Melodrama evolved through the 19th Century's obsession with exploring emotional states, part of the larger trend of Romanticism. Whereas today we have many expectations from a narrative including character development and maybe a surprise ending, melodrama was all about reveling in emotional states as group entertainment. Plot development and characterization became less important, meanwhile while on-stage situations became more sensational, or compounded (kidnapping AND incest) to provoke bigger emotions. C19th melodrama is contrasted with "problem plays" during the same era where social issues were debated intellectually through proxy characters. By comparison, melodrama is as uncomplicated as a monster truck rally.
Often ridiculous soap opera plot "twists" derive from cast changes and actor popularity. These changes are just an excuse to give a character more on-screen drama, often putting them in an unlikely situation of discovering an unknown relative, a doppleganger (played by the actor in a dual-role), or the revelation of a "dark past" that is completely out-of-character but gives an existing role new range.
American soap star Deirdre Hall with reallife twin Andrea who sometimes played her "evil" twin on the show Days of Our Lives, later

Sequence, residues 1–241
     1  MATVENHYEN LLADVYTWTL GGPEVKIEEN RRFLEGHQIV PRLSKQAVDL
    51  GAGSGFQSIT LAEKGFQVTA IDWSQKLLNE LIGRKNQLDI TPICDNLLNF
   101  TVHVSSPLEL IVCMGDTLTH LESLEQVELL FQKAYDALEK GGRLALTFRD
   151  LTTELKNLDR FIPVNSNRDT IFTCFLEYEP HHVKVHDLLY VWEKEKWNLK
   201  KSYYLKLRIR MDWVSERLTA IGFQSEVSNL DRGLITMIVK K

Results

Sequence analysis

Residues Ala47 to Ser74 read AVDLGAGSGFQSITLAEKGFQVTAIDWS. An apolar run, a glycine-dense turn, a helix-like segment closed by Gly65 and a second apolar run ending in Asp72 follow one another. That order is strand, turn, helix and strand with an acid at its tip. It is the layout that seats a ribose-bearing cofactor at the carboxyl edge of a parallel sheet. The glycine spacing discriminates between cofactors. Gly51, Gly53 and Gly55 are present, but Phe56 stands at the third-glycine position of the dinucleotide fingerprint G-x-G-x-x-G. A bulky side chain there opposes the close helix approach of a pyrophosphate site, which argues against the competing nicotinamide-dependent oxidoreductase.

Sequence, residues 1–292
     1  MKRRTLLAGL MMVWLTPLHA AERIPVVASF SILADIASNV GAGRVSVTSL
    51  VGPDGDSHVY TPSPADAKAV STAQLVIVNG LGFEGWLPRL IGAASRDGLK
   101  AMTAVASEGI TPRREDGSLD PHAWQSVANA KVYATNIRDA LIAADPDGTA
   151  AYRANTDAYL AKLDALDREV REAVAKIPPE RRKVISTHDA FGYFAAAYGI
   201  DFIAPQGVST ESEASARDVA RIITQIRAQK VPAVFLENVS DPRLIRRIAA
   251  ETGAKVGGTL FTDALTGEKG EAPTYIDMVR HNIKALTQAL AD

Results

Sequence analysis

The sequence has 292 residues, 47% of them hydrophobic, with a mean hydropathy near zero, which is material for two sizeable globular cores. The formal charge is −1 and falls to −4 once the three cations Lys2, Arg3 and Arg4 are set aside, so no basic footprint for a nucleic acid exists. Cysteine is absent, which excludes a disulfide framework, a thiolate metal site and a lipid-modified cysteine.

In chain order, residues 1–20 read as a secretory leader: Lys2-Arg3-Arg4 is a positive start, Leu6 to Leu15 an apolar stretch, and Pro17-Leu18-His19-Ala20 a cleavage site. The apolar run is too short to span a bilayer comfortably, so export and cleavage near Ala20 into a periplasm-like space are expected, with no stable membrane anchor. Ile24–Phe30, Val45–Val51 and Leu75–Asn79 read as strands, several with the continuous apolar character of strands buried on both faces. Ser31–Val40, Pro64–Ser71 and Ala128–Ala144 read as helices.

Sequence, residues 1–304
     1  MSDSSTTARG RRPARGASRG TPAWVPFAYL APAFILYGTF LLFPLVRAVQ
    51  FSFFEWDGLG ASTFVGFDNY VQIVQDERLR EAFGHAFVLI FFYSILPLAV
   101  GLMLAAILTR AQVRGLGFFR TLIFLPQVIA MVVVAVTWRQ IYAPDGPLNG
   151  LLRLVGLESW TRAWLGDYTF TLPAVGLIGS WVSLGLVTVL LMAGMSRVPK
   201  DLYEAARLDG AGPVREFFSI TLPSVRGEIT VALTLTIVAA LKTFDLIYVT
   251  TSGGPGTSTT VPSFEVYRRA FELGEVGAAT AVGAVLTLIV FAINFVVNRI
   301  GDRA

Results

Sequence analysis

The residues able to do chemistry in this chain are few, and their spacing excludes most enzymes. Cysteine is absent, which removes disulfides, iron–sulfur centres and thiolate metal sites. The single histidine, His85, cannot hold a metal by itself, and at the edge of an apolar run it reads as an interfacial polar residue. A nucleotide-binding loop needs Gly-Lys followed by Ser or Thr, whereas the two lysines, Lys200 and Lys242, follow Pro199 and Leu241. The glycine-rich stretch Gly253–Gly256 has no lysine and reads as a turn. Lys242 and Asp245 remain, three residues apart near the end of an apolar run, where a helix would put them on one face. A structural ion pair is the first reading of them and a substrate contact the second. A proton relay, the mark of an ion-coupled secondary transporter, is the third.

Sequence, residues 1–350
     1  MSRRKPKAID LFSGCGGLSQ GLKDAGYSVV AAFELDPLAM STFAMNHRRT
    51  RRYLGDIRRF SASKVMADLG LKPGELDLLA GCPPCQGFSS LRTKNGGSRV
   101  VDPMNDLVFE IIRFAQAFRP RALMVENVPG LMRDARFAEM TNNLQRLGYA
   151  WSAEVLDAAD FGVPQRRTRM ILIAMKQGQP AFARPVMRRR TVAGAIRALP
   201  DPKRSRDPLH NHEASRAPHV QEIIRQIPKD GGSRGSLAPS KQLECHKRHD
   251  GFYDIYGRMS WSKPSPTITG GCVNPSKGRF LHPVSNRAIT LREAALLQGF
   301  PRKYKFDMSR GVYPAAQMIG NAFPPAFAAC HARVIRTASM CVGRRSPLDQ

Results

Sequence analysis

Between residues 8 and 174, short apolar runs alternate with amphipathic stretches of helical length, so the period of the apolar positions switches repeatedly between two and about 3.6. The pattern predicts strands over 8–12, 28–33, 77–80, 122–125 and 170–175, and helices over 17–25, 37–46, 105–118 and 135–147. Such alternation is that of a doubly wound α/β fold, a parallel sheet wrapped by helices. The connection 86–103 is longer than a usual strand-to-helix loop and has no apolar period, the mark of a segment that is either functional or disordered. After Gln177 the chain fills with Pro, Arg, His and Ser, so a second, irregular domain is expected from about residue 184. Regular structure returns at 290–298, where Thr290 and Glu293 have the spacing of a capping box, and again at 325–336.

both roles were played by Deirdre after her sister retired from
Sometimes these "twists" are so overused they are baked-in at the beginning of the show. At least one character is searching for a birth parent, meanwhile a villain who is too powerful to jail is consumed in ruining a protagonist's marriage – in real life these might be minor character motives but not to the degree that someone would disguise their appearance, adopt a false name, and move to another town under an elaborate hoax just to get closer to their person-of-interest.
Since numerous soap operas ran successfully for decades with a (more or less) contiguous cast, I don't think you can call this kind of writing a "failure". Many plot issues arise from the fact that they are ongoing – essentially generative, rearranging a stock cast to retell the same archetypical stories over and over. Like generative novels they tend to collapse into formulaic gibberish when viewed as a whole.
But clearly there is audience appeal in watching sympathetic characters navigate sensational situations. The OP points out that "bad" writing is generally the fault of rushed production and diluted storytelling, but that dismisses the fact this form of entertainment isn't trying to be intellectually highbrow in the first place. Like a pop song that foregoes musical complexity in favor of familiar hooks and simplistic chord changes, it's more about how it makes the audience feel, than what it makes them think.